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U.S. Department of Health and Human Services

Medical Devices

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Reduce - and Report - Enteral Feeding Tube Misconnections

By Courtney Jennings Millin, PhD, and Mary Brooks, MS, BSN, RN.

(Article reprinted from Nursing2010, November issue, p.60.)

ENTERAL FEEDING TUBES that are mistakenly connected to other applications may result in patient death or injury, as is widely known within the healthcare community. But in the last 4 years, only a few of these adverse events were reported to the FDA.¹²

Misconnections of enteral devices may be underreported because connecting feeding tubes to the wrong tubing, such as an I.V. or dialysis catheter, is often attributed to human error rather than device failure. This potential underreporting causes concern because the risk of enteral feeding tube misconnections could be further reduced by incorporating human factors assessment into device design. See Looking into human factors.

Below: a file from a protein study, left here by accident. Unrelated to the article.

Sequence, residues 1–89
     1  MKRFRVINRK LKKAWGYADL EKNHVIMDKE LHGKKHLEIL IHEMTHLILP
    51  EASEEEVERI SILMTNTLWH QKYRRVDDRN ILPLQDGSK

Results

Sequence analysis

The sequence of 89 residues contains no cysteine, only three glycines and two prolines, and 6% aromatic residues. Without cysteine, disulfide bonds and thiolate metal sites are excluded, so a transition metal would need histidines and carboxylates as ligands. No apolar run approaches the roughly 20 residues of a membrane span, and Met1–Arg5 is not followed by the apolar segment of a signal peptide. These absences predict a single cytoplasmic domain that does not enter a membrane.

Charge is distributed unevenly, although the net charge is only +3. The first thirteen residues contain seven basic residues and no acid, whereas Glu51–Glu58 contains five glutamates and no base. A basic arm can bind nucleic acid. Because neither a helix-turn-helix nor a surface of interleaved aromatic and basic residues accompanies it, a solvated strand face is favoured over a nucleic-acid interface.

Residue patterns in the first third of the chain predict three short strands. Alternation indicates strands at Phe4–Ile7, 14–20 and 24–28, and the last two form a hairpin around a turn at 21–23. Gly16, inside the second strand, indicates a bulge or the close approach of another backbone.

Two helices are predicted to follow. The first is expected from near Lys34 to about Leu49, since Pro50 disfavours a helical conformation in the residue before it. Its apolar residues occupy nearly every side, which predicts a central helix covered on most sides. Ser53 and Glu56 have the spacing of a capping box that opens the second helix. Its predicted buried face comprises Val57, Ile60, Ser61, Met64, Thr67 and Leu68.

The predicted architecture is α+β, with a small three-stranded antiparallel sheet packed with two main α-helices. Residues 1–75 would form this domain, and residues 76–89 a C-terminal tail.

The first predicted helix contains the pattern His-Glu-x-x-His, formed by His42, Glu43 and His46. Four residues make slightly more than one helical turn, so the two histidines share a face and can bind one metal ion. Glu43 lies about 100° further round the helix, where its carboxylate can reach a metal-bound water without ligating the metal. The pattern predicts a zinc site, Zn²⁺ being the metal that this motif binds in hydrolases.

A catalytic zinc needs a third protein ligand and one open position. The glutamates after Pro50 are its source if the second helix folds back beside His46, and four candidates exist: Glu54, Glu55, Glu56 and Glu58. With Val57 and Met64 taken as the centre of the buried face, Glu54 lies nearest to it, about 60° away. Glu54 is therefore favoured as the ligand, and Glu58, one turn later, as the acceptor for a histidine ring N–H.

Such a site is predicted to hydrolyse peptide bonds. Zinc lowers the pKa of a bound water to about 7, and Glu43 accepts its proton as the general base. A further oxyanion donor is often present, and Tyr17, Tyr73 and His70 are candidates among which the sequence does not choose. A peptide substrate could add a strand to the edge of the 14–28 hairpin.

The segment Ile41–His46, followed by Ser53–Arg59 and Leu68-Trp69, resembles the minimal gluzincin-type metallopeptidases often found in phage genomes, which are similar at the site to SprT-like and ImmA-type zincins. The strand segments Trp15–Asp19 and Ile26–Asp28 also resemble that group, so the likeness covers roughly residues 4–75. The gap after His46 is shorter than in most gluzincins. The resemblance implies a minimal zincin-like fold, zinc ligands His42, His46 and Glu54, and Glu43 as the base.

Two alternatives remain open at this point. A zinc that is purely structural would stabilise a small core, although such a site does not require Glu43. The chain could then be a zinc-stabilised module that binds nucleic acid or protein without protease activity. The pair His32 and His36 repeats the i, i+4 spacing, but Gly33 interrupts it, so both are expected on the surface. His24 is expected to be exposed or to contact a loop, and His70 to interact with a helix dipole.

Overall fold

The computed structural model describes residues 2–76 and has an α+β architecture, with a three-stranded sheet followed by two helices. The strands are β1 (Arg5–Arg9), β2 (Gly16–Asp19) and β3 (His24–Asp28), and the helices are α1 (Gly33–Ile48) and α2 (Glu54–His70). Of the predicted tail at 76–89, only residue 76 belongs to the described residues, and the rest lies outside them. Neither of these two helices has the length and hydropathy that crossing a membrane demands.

For these reasons, all adverse events and “near misses” should be reported to the FDA, whether they’re considered device or human error.

What can go wrong?
These adverse events reported to the FDA are examples of how multiple factors contribute to errors involving enteral feeding tube connections:

Case 1 - A patient with a newly inserted percutaneous endoscopic gastrostomy (PEG) tube also had a pre-existing peritoneal dialysis catheter, which a nurse accidentally accessed when providing enteral feeding. The nurse didn’t notice that the patient had more than one abdominal catheter.